The road trip out West was never going to be easy for the Miami Heat, one of the oldest teams in the NBA. While a 6-3 start isn’t anything to be panicking about, the problems on defense, especially when Dwyane Wade and Ray Allen on the floor, have to be keeping Erik Spoelstra and an excellent LeBron James quite a bit worried.

Wade isn’t completely heatlhy; Ray Allen just isn’t a very good defender. But Wade’s bad ankle has kept him on single digit scoring for the second time in three games. He’s averaging 16.9 points this season, but since missing the game in Atlanta, he’s shooting 13-43 (30.2%) from the field, averaging 11 points. Once again, his slowness on the perimeter, along with Ray Allen, was exposed as the Clippers had no problem hitting open three point shots, finishing with 10-21 from beyond the arc.

The defense was the trademark of Heat basketball, along with the star power that James, Wade and Bosh bring along with them. The Heat are allowing 101 points per game, third worst in the NBA. Their real problem seems to be in the rotation, and from a team that moves at lightning quick speed from trap to cover open guys, they’re allowing teams to hit 39.4% of their three point attempts, with only Toronto and Phoenix doing worse.

LeBron James was enjoying yet another 30 points night, his second in a row, adding 5 rebounds and 7 assists. But he was alone, as Chris Bosh added 11 points while Wade was struggling with only 6. He probably shouldn’t have been playing at all. Rashard Lewis added 11 from the bench and Ray Allen with 14, but no matter what lineup the Heat were using, especially in the second half, the Clippers seemed to have an advantage of speed or talent in every situation.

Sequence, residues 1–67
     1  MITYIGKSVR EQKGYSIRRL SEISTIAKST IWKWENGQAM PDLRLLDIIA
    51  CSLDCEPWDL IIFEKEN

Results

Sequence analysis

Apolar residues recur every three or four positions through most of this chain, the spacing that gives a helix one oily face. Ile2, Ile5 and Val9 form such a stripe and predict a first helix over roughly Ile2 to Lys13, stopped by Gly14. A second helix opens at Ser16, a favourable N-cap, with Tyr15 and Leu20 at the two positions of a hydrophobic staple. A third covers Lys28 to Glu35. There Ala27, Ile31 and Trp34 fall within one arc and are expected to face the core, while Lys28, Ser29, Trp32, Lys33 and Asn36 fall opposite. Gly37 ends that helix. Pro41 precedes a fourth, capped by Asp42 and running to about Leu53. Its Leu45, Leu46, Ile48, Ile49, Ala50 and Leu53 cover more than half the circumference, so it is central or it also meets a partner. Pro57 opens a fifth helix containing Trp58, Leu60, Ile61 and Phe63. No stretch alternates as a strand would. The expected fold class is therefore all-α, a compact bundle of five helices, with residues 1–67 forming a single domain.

Time to be worried? Nope. The Heat have good defenders, especially on the inside. Bosh, James, Joel Anthony, Shane Battier. Anthony got only six minutes, but expect him to see a bit more court time if the Heat’s defensive problems continue. It’ll probably allow James or Battier to get a bit more to the outside and cover open shooters, as it seems both Wade and Ray Allen, who’s playing 27 minutes a night and doing very well offensively (12.8 points, 53.5% from the field, 54.1% from beyond the arc) are a liability on defense at the moment.

From what we’ve seen from the Heat these past two seasons, you can’t expect a perfect regular season, even if everyone keeps saying they’re the best team in the NBA. They probably are, when their on top of their game. LeBron James where he should be, and everyone in Miami seems pretty relaxed about the 6-3 start, good enough for 3rd place in the Eastern Conference at the moment.

The Heat always have their bad moments during regular season, often more than once. This time, there’s no panic because there’s a title behind them to show that all of this doesn’t really matter, as long as you make the right adjustments come the right time. Playing Dwyane Wade on a hurt ankle for 30+ minutes a night isn’t the right idea for Spoelstra, who needs to find a way to make his defense play better. There are enough sources to find points from.

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